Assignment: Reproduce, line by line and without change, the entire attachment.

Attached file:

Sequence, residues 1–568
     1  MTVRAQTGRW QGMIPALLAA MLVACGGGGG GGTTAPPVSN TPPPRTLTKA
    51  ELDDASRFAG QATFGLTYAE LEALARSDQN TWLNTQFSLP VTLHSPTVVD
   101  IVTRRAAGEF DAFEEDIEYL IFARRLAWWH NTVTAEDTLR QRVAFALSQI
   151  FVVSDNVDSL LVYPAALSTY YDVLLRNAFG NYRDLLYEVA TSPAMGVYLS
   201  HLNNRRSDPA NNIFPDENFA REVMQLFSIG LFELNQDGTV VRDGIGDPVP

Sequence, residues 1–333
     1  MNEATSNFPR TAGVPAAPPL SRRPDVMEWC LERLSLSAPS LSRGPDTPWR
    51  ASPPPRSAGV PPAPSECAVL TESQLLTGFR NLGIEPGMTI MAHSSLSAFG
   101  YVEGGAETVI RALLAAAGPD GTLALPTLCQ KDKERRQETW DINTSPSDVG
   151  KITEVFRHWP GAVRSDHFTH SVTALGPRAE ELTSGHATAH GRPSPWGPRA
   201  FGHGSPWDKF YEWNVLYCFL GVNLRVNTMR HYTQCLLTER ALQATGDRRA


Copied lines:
Sequence, residues 1–568
     1  MTVRAQTGRW QGMIPALLAA MLVACGGGGG GGTTAPPVSN TPPPRTLTKA
    51  ELDDASRFAG QATFGLTYAE LEALARSDQN TWLNTQFSLP VTLHSPTVVD
   101  IVTRRAAGEF DAFEEDIEYL IFARRLAWWH NTVTAEDTLR QRVAFALSQI
   151  FVVSDNVDSL LVYPAALSTY YDVLLRNAFG NYRDLLYEVA TSPAMGVYLS
   201  HLNNRRSDPA NNIFPDENFA REVMQLFSIG LFELNQDGTV VRDGIGDPVP

Sequence, residues 1–333
     1  MNEATSNFPR TAGVPAAPPL SRRPDVMEWC LERLSLSAPS LSRGPDTPWR
    51  ASPPPRSAGV PPAPSECAVL TESQLLTGFR NLGIEPGMTI MAHSSLSAFG
   101  YVEGGAETVI RALLAAAGPD GTLALPTLCQ KDKERRQETW DINTSPSDVG
   151  KITEVFRHWP GAVRSDHFTH SVTALGPRAE ELTSGHATAH GRPSPWGPRA
   201  FGHGSPWDKF YEWNVLYCFL GVNLRVNTMR HYTQCLLTER ALQATGDRRA